Is Trying to Eat Healthy Making You Sick?
In a country where 34% of the population is obese, where 2,500 people die every day of heart disease and more than half a million perish of cancer each year, cultivating an unhealthy focus on healthy eating seems impossible. Yet some are so fixated on purifying their bodies that they make themselves sick in the process. It's a condition known as orthorexia nervosa.
|© Lucinda Levine|
What Is Orthorexia?
Holistic physician Steven Brat-man coined the term orthorexia nervosa more than a decade ago. In an article published in the October 1997 issue of Yoga Journal titled "Health Food Junkie," he wrote, "Orthorexia begins, innocently enough, as a desire to overcome chronic illness or to improve general health. But because it requires considerable willpower to adopt a diet that differs radically from the food habits of childhood and the surrounding culture, few accomplish the change gracefully. Most must resort to an iron self-discipline bolstered by a hefty dose of superiority over those who eat junk food. Over time, what to eat, how much, and the consequences of dietary indiscretion come to occupy a greater and greater proportion of the orthorexic's day." Even if physical and emotional health begin to falter, the sufferer continues a harsh dietary regime. Eventually, the all-consuming drive for nutritional purity can become a kind of spiritual quest.
"I think it's a very real problem," says health and nutrition author and teacher Tom Monte of Amherst, Mas-sachusetts. "As the problem becomes clearer, the description will expand because we'll have a better understanding of its internal causes."
Monte cites among these causes an imbalance of neurotransmitters, leading to a decrease in joy and an excess of fear. The more severe this imbalance, he says, the more the orthorexic feels antagonistic toward the environment, becoming hyperaware of external impurities.
But orthorexia has its skeptics, too. It's a refusal to eat healthy that's a national problem, say these doctors and nutritionists, not the reverse. Kelly Brownell, PhD, codirector of the Yale Center for Eating and Weight Disorders told the website WebMD, "We've never had anybody come to our clinic with [orthorexia], and I've been working in this field for at least 20 years."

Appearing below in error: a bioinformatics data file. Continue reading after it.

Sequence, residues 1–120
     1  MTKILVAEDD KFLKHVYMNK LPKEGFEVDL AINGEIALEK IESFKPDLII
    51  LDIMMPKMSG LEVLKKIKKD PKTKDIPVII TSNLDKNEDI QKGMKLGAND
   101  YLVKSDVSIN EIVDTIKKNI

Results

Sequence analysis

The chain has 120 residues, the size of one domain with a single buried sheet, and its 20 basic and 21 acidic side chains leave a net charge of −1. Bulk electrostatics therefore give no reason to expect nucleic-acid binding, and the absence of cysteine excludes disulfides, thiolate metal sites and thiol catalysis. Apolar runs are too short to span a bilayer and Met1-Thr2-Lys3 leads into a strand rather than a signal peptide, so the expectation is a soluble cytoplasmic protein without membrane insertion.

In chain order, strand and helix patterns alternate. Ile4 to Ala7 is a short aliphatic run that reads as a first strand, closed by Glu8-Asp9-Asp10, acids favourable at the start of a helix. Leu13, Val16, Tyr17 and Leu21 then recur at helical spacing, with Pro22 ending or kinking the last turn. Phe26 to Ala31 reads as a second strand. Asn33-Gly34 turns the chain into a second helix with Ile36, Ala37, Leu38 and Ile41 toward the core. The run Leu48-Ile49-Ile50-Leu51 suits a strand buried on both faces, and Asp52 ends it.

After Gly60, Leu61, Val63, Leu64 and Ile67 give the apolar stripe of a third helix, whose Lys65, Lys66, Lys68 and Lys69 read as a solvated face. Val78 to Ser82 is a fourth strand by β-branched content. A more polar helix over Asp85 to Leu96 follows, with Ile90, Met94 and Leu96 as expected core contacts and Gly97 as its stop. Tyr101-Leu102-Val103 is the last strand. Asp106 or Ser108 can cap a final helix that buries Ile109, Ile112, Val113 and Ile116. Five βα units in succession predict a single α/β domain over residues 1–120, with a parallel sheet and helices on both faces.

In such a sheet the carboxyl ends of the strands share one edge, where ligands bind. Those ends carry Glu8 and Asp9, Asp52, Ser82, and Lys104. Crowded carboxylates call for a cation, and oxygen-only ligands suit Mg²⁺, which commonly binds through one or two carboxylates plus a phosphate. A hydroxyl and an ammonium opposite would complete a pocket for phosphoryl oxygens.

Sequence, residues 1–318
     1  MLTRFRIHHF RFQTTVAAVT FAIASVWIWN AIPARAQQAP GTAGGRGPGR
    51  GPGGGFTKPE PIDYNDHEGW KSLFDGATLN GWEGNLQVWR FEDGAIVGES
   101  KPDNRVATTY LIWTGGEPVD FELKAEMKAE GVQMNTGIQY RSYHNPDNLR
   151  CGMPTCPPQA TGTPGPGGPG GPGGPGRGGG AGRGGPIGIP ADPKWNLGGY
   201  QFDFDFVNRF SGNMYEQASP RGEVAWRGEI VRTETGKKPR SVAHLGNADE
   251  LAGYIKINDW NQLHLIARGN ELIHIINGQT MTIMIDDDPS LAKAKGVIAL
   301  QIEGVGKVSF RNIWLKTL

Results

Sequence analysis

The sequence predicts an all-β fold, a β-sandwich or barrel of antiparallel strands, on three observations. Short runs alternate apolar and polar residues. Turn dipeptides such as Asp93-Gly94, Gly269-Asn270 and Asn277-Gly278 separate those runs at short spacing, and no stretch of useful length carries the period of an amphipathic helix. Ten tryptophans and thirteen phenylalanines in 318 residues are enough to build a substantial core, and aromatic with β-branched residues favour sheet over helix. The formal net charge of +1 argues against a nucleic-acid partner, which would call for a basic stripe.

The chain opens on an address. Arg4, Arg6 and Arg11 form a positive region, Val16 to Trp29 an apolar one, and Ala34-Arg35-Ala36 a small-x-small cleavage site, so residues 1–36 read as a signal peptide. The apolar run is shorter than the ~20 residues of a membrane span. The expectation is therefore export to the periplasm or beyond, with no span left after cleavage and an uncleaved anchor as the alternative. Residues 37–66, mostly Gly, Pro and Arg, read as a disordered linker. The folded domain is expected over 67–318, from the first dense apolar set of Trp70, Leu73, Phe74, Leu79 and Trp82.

Those convinced that or-thorexia is real—and spurred by an internal imbalance—say certain dietary shifts may assist healing. Eating more leafy greens, for example, may support the liver. Other eating habits may exacerbate preexisting conditions, such as the way serotonin levels drop if complex carbohydrates derived from whole grains are eliminated from the diet.
It is possible that the orthorexic may have been given the message sometime in the past that they're not good (or pure, or perfect) enough, causing a sense of inadequacy and resentment that worsens their condition. Monte paraphrases the deep thinking of the orthorexic: "If I make the correct changes in my behavior, eat the food that I'm supposed to eat, I'm going to become a better person, more valuable, more loved."
Healing Extreme Eating
How then to approach such a complex disorder? Joshua Rosenthal, founder and director of the Institute for Integrative Nutrition in New York City, counsels individuals to look beyond diet as a source of health. "I encourage people who become overly obsessed with eating the 'right' food to see the impact on their life," says Rosenthal. "This condition can impede other important elements of life, including relationships, creativity and just feeling part of a community. I call these elements of life primary food—the parts that fill our soul and satisfy our hunger for living. You can eat all the kale in the world, but if you feel disconnected, how healthy and happy can you be?" To support flexibility, Rosenthal developed a diet he calls the 90-10 plan, in which healthy whole foods are eaten 90% of the time and the other 10% of the time people eat whatever they feel like eating.
And it is not just orthorexics who can profit from such encouragement. Those who binge eat, starve themselves or poison their bodies with obvious toxins on a regular basis dwindle in vibrancy alongside the orthorexic. All can benefit from an active awareness of their own inner worth.